*After all, that privilege only gets extended to Bendon.
And there’s more QoT goodness at her blog, Ideologically Impure
A much more thoughtful contribution to the debate than Trevor Mallard’s http://beefaerie.wordpress.com/2012/08/31/just-stop-already-with-the-puerile-behaviour-please/
Surely it’s time that man retired?
so much made of sex-Foucault
I have no doubt there are some breastfeeding zealots but really how many of or people we know have ever actually been bullied by these zealots. I dont know why tge beat up, or is there big money in nz in vaby formula.
I’d thought Key was posing with simple milk powder, not baby formula.
Bad as that was or seemed to be, promoting formula is beyond the pale. Way I view it is that if water quality is okay and a mother prefers to bottle feed, then hey. But if water quality is dubious and marketing pressure is brought to bear then….well, shame there isn’t the possibility of laying ‘manslaughter’ charges against the companies that promote formula…at the very least.
As an aside. Anyone remember grinning Bolger opening the Nestle plant somewhere in NZ back in the mid-nineties? I remember beng astounded that the PM of any country would associate themselves with the company. But then, that was before I reaslised that the awareness of Nestle in these parts amounted to not a lot of much at all.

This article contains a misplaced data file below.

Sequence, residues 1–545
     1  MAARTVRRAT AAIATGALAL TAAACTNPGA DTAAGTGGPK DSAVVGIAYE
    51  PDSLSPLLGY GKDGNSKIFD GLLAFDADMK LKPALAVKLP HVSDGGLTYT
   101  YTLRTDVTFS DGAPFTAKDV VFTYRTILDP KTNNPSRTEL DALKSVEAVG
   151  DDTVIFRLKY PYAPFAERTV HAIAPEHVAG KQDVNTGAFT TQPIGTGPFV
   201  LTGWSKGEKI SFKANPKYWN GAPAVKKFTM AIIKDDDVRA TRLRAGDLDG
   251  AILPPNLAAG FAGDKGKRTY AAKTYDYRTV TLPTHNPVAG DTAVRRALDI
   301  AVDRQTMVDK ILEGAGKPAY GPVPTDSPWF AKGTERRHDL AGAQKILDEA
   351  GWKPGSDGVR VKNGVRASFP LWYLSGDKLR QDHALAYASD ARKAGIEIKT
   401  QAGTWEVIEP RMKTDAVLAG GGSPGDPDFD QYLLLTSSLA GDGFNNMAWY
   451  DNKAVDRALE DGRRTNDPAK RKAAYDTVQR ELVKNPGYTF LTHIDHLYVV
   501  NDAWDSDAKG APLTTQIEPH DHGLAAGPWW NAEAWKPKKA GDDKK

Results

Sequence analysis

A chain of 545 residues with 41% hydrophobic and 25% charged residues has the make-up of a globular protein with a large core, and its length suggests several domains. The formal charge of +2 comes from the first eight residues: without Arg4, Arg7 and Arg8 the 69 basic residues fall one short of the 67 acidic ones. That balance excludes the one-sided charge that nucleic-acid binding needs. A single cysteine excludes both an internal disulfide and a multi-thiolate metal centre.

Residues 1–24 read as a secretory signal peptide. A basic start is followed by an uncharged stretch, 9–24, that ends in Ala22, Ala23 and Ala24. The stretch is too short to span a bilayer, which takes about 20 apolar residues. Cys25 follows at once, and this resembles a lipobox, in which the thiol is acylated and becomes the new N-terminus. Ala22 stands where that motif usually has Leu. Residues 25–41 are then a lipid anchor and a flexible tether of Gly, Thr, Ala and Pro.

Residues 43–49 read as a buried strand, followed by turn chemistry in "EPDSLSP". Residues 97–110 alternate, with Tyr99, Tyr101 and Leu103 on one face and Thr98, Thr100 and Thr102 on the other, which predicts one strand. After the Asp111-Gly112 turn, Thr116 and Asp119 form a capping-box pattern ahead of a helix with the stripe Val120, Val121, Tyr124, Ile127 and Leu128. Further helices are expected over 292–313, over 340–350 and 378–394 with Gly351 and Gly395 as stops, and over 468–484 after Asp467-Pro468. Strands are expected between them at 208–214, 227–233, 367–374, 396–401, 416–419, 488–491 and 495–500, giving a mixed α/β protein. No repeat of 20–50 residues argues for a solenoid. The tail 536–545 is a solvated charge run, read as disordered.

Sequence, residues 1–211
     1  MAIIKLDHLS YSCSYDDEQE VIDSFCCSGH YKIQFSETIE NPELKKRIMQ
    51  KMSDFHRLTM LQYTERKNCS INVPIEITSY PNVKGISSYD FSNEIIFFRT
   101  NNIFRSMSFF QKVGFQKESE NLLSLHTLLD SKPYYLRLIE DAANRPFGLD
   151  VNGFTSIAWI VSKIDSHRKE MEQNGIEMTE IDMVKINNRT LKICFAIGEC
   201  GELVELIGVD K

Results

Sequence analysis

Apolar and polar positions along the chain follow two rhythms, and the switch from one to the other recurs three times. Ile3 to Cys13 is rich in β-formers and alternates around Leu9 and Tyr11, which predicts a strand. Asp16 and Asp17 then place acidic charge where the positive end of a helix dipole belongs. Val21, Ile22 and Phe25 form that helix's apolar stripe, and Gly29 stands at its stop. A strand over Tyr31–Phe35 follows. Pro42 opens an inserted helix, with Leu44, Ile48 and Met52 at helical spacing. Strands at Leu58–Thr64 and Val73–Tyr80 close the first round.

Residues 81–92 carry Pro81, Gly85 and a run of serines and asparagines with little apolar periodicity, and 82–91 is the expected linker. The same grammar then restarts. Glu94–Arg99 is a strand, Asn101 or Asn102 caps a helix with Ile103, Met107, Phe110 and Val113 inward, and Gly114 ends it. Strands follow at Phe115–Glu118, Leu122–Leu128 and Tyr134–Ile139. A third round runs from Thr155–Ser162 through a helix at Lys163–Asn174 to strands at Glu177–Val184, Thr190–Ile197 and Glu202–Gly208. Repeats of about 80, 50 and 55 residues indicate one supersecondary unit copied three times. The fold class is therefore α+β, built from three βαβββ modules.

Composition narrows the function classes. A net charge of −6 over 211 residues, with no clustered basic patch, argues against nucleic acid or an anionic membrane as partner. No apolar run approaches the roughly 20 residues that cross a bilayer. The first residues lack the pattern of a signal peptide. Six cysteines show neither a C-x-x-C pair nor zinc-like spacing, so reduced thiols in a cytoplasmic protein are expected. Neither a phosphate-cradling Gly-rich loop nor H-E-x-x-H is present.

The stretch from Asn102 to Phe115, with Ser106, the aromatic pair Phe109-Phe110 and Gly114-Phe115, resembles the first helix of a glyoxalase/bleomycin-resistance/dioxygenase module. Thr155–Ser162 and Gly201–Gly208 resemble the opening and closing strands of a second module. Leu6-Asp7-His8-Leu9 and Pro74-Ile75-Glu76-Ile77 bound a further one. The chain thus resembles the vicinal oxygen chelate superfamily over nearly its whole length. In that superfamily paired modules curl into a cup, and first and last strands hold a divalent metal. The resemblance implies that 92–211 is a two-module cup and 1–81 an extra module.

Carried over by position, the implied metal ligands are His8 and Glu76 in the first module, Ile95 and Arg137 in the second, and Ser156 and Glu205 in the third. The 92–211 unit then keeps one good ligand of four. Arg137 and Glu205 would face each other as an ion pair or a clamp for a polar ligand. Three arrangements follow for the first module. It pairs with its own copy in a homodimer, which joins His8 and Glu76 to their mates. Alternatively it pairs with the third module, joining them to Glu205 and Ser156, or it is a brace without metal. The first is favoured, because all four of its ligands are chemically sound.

And now with Fontera being the world’s largest dairy company or whatever, then I wonder how much formula they produce, how heavily sales are backed by aggressive marketing and how many dead babies result from the actions of this ‘pride’ of NZ manufacturing.
And in the interests of answering my own question, a quick search of Fonterra’s website throws up this
– We are a key supplier of nutritional bases to the world’s five largest infant formula companies. Around 10% of our NZ farmers’ milk goes into paediatric nutrition products (such as infant formula) – in fact, we make almost as much of these added-value products as all our competitors combined make in terms of total product (most of which is in basic commodities).
Alongside this link to a pdf doc “How we are taking your milk to the world” ….China, India,Latin America, the M iddle E ast and North Africa are where the biggest demand is forecast.Nutritional needs, particularly among mums and their babies and the elderly are also getting more urgent and specific. According to the United Nations, about 140 million babies will be born over the next year. About 90% of today’s 1.2 billion young people are living in developing countries, with 8 in 10 living in Africa or Asia.
That’s a lot of dead kids.
I have not been following this story very closely (though have been irritated a t the “breastapo” word).